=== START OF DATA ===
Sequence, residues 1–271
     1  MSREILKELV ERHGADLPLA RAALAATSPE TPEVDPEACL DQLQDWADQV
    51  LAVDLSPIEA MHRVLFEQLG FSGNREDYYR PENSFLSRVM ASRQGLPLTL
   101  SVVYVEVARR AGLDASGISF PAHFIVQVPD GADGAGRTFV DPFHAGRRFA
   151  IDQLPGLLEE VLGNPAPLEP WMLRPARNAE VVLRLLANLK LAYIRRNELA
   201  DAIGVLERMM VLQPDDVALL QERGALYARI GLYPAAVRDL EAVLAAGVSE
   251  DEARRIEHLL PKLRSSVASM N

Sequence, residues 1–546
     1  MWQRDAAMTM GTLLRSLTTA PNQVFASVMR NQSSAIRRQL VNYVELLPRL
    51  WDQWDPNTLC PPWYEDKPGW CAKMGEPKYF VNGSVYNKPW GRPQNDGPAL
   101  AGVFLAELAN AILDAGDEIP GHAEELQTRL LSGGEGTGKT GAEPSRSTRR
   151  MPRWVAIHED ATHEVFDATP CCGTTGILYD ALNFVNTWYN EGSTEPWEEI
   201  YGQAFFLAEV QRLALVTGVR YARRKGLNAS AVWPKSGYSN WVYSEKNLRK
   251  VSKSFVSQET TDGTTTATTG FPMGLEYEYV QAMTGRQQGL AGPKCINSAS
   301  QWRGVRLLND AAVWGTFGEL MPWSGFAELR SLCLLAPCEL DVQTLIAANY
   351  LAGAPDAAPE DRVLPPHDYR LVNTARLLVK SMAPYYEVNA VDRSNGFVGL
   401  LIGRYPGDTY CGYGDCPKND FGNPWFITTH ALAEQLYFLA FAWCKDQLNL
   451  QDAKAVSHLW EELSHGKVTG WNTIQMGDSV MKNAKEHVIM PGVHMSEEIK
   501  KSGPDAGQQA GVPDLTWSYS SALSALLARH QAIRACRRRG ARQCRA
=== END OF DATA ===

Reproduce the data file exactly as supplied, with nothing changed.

Sequence, residues 1–271
     1  MSREILKELV ERHGADLPLA RAALAATSPE TPEVDPEACL DQLQDWADQV
    51  LAVDLSPIEA MHRVLFEQLG FSGNREDYYR PENSFLSRVM ASRQGLPLTL
   101  SVVYVEVARR AGLDASGISF PAHFIVQVPD GADGAGRTFV DPFHAGRRFA
   151  IDQLPGLLEE VLGNPAPLEP WMLRPARNAE VVLRLLANLK LAYIRRNELA
   201  DAIGVLERMM VLQPDDVALL QERGALYARI GLYPAAVRDL EAVLAAGVSE
   251  DEARRIEHLL PKLRSSVASM N

Sequence, residues 1–546
     1  MWQRDAAMTM GTLLRSLTTA PNQVFASVMR NQSSAIRRQL VNYVELLPRL
    51  WDQWDPNTLC PPWYEDKPGW CAKMGEPKYF VNGSVYNKPW GRPQNDGPAL
   101  AGVFLAELAN AILDAGDEIP GHAEELQTRL LSGGEGTGKT GAEPSRSTRR
   151  MPRWVAIHED ATHEVFDATP CCGTTGILYD ALNFVNTWYN EGSTEPWEEI
   201  YGQAFFLAEV QRLALVTGVR YARRKGLNAS AVWPKSGYSN WVYSEKNLRK
   251  VSKSFVSQET TDGTTTATTG FPMGLEYEYV QAMTGRQQGL AGPKCINSAS
   301  QWRGVRLLND AAVWGTFGEL MPWSGFAELR SLCLLAPCEL DVQTLIAANY
   351  LAGAPDAAPE DRVLPPHDYR LVNTARLLVK SMAPYYEVNA VDRSNGFVGL
   401  LIGRYPGDTY CGYGDCPKND FGNPWFITTH ALAEQLYFLA FAWCKDQLNL
   451  QDAKAVSHLW EELSHGKVTG WNTIQMGDSV MKNAKEHVIM PGVHMSEEIK
   501  KSGPDAGQQA GVPDLTWSYS SALSALLARH QAIRACRRRG ARQCRA